New Horned Dinosaur Found in Canada
TEHRAN (Tasnim) - A team of paleontologists has discovered a new genus and species of horned dinosaur, called Wendiceratops pinhornensis, in southern Alberta, Canada.
The generic name Wendiceratops means 'Wendy's horned-face,' and celebrates renowned Alberta fossil hunter Wendy Sloboda.
"This is a well-deserved honor for Sloboda, who has discovered hundreds of important fossils in the last three decades, including several new species," Dr David Evans of the Royal Ontario Museum in Toronto, Canada, who is a co-author of the study published in the journal PLoS ONE, Sci-news reported.
"Wendy Sloboda has a sixth sense for discovering important fossils. She is easily one of the very best dinosaur hunters in the world," he added.
Wendiceratops pinhornensis is described from over 200 bones representing the remains of at least four individuals, three adults and one juvenile, collected from the lower part of the Oldman Formation (middle Campanian).
The dinosaur lived 79 million years ago (Cretaceous period), making it one of the oldest known members of Ceratopsidae, a family of large-bodied horned dinosaurs that includes the famous Triceratops.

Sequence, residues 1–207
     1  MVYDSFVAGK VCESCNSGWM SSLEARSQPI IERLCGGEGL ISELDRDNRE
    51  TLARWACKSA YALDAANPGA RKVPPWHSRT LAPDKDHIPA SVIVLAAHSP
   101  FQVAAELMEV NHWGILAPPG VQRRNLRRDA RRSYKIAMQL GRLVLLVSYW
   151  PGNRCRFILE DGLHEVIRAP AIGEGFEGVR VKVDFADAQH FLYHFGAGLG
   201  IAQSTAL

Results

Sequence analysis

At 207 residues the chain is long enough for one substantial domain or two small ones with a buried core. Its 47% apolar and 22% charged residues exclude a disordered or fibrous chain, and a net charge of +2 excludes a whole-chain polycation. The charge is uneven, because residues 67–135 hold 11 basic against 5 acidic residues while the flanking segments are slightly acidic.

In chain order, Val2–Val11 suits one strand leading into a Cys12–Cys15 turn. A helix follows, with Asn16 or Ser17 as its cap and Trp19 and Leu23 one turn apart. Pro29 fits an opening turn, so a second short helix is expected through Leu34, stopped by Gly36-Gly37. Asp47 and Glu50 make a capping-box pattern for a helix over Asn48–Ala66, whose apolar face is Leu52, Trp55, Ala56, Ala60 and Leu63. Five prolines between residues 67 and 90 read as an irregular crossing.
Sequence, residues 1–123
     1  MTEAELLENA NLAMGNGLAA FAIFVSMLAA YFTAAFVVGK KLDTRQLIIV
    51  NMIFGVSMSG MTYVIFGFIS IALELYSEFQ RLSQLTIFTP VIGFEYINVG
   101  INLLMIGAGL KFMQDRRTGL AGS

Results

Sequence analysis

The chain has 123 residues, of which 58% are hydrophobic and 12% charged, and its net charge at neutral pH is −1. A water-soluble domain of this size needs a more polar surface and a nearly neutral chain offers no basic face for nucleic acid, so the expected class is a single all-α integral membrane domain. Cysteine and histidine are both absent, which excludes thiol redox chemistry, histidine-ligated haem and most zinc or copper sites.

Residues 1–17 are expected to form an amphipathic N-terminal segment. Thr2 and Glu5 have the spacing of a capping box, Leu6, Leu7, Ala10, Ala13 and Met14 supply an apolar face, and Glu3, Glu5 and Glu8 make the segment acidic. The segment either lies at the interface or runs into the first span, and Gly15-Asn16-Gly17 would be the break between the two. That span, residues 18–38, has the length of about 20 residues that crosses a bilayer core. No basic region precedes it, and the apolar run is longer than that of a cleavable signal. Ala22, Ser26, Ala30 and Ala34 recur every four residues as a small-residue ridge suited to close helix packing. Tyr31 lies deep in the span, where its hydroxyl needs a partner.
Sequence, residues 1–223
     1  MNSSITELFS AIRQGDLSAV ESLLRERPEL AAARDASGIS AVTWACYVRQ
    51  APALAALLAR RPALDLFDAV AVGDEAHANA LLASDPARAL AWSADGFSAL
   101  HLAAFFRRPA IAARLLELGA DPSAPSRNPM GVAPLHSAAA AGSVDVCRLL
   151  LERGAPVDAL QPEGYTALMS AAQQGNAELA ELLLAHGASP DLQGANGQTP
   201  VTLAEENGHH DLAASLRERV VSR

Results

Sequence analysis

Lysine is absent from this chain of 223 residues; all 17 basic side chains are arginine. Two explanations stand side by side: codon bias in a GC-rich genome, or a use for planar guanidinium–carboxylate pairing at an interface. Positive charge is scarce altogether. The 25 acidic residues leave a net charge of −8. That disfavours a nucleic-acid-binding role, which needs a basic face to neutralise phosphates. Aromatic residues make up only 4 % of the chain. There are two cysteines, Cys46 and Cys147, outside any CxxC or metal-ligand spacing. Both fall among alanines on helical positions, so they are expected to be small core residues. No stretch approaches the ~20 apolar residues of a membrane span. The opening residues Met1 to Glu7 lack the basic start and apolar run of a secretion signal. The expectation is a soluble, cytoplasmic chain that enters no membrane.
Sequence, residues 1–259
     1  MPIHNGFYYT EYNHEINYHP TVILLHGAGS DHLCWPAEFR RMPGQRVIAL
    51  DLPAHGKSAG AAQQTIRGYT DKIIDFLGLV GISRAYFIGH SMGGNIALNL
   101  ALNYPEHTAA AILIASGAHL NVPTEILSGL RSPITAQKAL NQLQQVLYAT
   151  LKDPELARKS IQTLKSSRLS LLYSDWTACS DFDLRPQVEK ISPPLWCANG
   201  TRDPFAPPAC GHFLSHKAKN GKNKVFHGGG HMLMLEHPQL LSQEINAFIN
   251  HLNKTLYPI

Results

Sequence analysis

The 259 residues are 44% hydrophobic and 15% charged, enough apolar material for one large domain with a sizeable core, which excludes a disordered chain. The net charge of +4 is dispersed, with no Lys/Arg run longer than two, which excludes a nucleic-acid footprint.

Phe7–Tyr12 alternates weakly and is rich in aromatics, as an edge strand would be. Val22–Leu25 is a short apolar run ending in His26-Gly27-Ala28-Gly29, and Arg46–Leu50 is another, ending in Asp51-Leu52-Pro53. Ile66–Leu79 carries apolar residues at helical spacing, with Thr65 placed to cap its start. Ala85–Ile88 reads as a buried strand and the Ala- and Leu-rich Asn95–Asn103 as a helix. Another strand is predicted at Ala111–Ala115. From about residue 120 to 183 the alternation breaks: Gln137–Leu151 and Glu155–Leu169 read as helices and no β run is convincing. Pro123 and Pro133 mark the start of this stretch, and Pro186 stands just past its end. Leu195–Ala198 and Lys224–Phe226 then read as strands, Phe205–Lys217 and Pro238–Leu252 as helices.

It was approximately 20 feet (6 meters) long and weighed more than 1,000 kg. It was an herbivore, and would crop low-lying plants with a parrot-like beak, and slice them up with dozens of leaf-shaped teeth.
The dinosaur also had a fantastically adorned skull, particularly for an early member of Ceratopsidae. Its most distinctive feature is a series of forward-curling hook-like horns along the margin of the wide, shield-like frill that projects from the back of its skull.
Wendiceratops pinhornensis ranks among other recent discoveries in having some of the most spectacular skull ornamentation in the horned dinosaur group.
"Wendiceratops helps us understand the early evolution of skull ornamentation in an iconic group of dinosaurs characterized by their horned faces," Dr Evans said.
The discovery of Wendiceratops pinhornensis also adds to a growing body of research which suggests high diversity of ceratopsid dinosaurs likely associated with a rapid evolutionary radiation in the group.
"The wide frill of Wendiceratops pinhornensis is ringed by numerous curled horns, the nose had a large, upright horn, and it's likely there were horns over the eyes too. The number of gnarly frill projections and horns makes it one of the most striking horned dinosaurs ever found," Dr Evans said.